The Florida Petroleum Council released a study towards the end of last week showing the Sunshine State’s economy would see an additional $2.5 billion in revenue over 20 years through offshore leasing in the Atlantic Outer Continental Shelf (OCS) and the eastern part of the Gulf of Mexico.

Florida Petroleum Council Executive Director David Mica weighed in on the study–entitled “The Economic Impacts of Allowing Access to the Atlantic OCS and Eastern Gulf of Mexico for Oil and Natural Gas Exploration and Development Supplement: Projected State, Local, and Federal Tax Receipts”–on Thursday afternoon.

“The projected tax revenues outlined in this new study of potential federal offshore oil and natural gas production and activity could mean substantial investments in Florida such as in areas like education and opportunities to rebuild infrastructure,” said Mica. “This opportunity to inject one billion dollars in increased state and local revenues, coupled with the additional billions of dollars for the economies of coastal states from previous studies, is critical for any plans to help improve quality of life for Florida’s residents and the overall future of the state.”

The report, which CALASH did for the American Petroleum Institute (API) and the  Florida Petroleum Council shows that “offshore-related natural gas and oil activities in Florida could generate additional non-bonus and royalty revenue such as personal and corporate income tax, property tax, and sales taxes” and “the combined associated state and local tax revenues are projected to reach nearly $155 million annually by the end of the forecast periods, according to the report.”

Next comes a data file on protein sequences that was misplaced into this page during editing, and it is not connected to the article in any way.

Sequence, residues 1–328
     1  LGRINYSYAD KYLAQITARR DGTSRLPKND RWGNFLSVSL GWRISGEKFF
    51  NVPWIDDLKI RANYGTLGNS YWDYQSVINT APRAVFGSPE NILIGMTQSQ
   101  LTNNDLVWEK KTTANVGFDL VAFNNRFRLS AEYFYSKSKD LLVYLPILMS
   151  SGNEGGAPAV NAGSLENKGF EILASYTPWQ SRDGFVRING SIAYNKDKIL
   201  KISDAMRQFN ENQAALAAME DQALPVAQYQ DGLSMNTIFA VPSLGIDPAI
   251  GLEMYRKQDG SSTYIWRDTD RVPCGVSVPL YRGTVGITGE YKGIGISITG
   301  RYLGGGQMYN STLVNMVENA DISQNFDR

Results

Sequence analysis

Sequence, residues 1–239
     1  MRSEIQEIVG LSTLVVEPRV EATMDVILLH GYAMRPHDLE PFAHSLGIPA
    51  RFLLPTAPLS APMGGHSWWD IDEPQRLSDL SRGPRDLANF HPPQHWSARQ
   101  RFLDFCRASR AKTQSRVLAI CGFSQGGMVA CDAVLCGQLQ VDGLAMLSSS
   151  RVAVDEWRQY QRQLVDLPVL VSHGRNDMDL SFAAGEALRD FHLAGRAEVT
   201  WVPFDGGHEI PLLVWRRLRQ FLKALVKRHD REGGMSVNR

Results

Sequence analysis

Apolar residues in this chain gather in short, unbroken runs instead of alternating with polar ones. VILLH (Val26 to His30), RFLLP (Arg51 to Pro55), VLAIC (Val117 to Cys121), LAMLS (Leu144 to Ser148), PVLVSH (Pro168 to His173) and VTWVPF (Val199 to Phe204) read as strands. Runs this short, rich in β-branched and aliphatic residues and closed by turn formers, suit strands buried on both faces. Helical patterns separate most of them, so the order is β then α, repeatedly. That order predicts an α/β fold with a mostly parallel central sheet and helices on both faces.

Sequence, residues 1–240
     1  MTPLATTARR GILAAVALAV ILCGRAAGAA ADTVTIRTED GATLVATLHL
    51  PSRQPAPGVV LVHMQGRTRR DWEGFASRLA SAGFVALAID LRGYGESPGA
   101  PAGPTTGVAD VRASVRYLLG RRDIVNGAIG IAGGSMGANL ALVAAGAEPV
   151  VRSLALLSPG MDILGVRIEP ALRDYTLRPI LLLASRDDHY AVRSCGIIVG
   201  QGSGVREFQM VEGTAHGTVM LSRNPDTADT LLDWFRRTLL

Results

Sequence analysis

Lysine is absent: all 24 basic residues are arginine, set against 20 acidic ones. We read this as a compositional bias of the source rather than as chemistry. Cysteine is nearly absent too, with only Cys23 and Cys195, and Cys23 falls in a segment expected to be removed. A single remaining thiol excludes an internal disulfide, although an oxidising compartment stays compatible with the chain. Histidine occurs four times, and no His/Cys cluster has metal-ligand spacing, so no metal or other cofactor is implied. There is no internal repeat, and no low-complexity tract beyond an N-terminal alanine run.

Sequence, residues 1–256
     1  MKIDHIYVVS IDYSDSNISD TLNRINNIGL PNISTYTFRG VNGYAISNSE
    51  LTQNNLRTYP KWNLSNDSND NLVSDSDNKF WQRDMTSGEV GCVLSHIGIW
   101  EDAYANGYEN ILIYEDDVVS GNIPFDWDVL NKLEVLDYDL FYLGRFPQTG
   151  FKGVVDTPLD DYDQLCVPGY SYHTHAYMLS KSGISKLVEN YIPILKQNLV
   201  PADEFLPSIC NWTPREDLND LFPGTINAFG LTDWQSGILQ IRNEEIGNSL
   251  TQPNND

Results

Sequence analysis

The study shows that increased offshore activities would lead to an extra $175 million in property taxes and other taxes and fees, $79 million extra in corporate taxes and more than $2.2 billion in business sales, property, excises, customs and other taxes.

Earlier this year, as part of their “Explore Offshore” campaign, API and the Florida Petroleum Council released a report showing more offshore activities would lead to more than 60,000 jobs in Florida over 20 years and $1.3 billion if Congress extends how it shares federal royalties.

The Florida Petroleum Council also stressed there have been safety improvements since the Deepwater Horizon spill back in 2010.

“Advanced technology, safety standards, best practices, and regulations are designed to protect the environment, marine life, and workers – while enabling the oil and natural gas industry to work alongside recreational fishing, tourism, and military activities. Since 2010, more than 100 standards were created or strengthened, including for improved safety and environmental management, well-design, blowout prevention, and spill response to ensure we have the best protections and highest safety measures in place,” the Florida Petroleum Council noted.

 

Kevin Derby can be reached at Kevin.Derby@floridadaily.com.

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